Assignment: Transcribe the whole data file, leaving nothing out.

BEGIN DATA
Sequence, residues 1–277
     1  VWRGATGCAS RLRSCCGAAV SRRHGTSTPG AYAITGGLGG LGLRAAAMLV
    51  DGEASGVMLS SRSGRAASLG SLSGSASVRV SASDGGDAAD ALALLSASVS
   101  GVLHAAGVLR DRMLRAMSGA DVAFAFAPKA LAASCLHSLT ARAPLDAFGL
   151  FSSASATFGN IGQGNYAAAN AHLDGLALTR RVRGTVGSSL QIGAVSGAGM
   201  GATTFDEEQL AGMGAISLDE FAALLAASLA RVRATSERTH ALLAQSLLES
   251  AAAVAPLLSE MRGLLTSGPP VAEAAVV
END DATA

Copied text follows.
Sequence, residues 1–277
     1  VWRGATGCAS RLRSCCGAAV SRRHGTSTPG AYAITGGLGG LGLRAAAMLV
    51  DGEASGVMLS SRSGRAASLG SLSGSASVRV SASDGGDAAD ALALLSASVS
   101  GVLHAAGVLR DRMLRAMSGA DVAFAFAPKA LAASCLHSLT ARAPLDAFGL
   151  FSSASATFGN IGQGNYAAAN AHLDGLALTR RVRGTVGSSL QIGAVSGAGM
   201  GATTFDEEQL AGMGAISLDE FAALLAASLA RVRATSERTH ALLAQSLLES
   251  AAAVAPLLSE MRGLLTSGPP VAEAAVV